Five break-ins at kids’ snack bar


By Steve Marschke
News-Ledger Editor

PETTY THEFT: A thief or thieves has been breaking the lock on this equipment storage bin belonging to a youth sports league (courtesy of Jr. Raiders)

It’s getting to be a nuisance, says Sarah Sieck, league treasurer for the West Sacramento Junior Raiders youth football team.

The squad’s snack bar and storage facility have been burglarized way too often in recent weeks, with the most recent break-in on Feb. 27.

“We’ve had five break-ins now,” said Sieck. “We’ve stopped reporting them. All of them were in February.”

The team plays at the “old” River City High School stadium, on the campus on Clarendon Street that is now home to Westmore Oaks Elementary School. Near the school’s field and track are a snack bar, ticket booth and a corrugated metal storage container.

“The snack bar has been broken into, and now also the ticket booths,” said Sieck. “There were some older cheerleader skirts in storage,  and someone just grabbed them and threw them all over the track.”

The equipment bin suffered two break-ins in one week alone:

“They took a P.A. (public address) system with speakers, and also the control panel that controls the scoreboard.”

And from the snack bar:

“The first time, they took all the sodas and candy,” said Sieck. “We had several cases of water, and it’s like they just took one and threw all the others around. They ransacked it, but they didn’t destroy it. We just have to get out there and clean it up.”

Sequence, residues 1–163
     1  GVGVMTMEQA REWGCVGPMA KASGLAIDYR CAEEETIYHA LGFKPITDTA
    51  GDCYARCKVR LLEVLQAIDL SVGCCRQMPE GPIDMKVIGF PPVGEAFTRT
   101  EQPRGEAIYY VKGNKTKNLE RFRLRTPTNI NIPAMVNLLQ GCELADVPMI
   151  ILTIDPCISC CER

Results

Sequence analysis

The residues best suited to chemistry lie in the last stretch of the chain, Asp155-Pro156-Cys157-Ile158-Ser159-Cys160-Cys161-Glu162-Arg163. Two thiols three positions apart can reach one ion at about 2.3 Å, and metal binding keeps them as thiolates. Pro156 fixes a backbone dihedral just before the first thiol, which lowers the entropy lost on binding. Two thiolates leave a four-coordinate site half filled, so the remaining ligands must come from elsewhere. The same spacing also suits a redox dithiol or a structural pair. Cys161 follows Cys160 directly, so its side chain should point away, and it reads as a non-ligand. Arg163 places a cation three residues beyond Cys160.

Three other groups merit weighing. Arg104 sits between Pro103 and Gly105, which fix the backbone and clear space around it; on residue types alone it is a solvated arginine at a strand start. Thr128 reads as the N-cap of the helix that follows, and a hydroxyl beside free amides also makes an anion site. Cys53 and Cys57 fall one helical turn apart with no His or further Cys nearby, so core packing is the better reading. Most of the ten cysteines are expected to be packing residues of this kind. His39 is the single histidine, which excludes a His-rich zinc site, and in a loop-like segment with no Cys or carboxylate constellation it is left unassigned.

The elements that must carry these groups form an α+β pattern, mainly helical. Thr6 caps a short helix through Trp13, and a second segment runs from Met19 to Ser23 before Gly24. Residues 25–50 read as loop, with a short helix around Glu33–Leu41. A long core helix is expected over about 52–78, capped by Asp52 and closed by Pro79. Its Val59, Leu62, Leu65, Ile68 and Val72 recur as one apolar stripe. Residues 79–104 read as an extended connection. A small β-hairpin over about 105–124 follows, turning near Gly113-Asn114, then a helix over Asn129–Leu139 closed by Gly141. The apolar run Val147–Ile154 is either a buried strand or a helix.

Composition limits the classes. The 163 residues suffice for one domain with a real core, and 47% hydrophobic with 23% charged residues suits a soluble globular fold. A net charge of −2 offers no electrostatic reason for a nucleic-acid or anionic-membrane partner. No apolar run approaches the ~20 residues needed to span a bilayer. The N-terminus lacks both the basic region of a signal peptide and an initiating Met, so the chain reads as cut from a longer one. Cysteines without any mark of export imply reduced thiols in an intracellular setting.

The first break-in was noticed by members of the River City Gators semi-pro football team, which also practices on the field.

  “Jason Kang, the owner, called us and said ‘your snack bar is open – I’ll prop it closed until you can get here.’” But the break-ins didn’t stop. It probably doesn’t help that the field isn’t very visible at night, and some lights aren’t working.

“We have since re-keyed everything,” said Sieck. “The first time it appeared someone opened it but there was no damage. We were thinking that it was someone with a key. After that initial break-in, when the candy and sodas were taken, the doors were crowbared open each time and the bolt on the bin was cut.

The damage, all told, is about $4,000 for the youth sports league, including $3,000 for the P.A. system alone.

“That’s including boarding up, re-locking, and replacing equipment and supplies,” said Sieck. There was no cash stored in the snack bar or ticket booth. But the real cost to those who run the Junior Raiders is not necessarily money.

“It’s just so frustrating,” said Sieck.

The league is planning a fundraising benefit concert – possibly in June – to help defray some of the costs of the burglaries. The River City Jr. Raiders can be found on the Facebook social networking site for more information.

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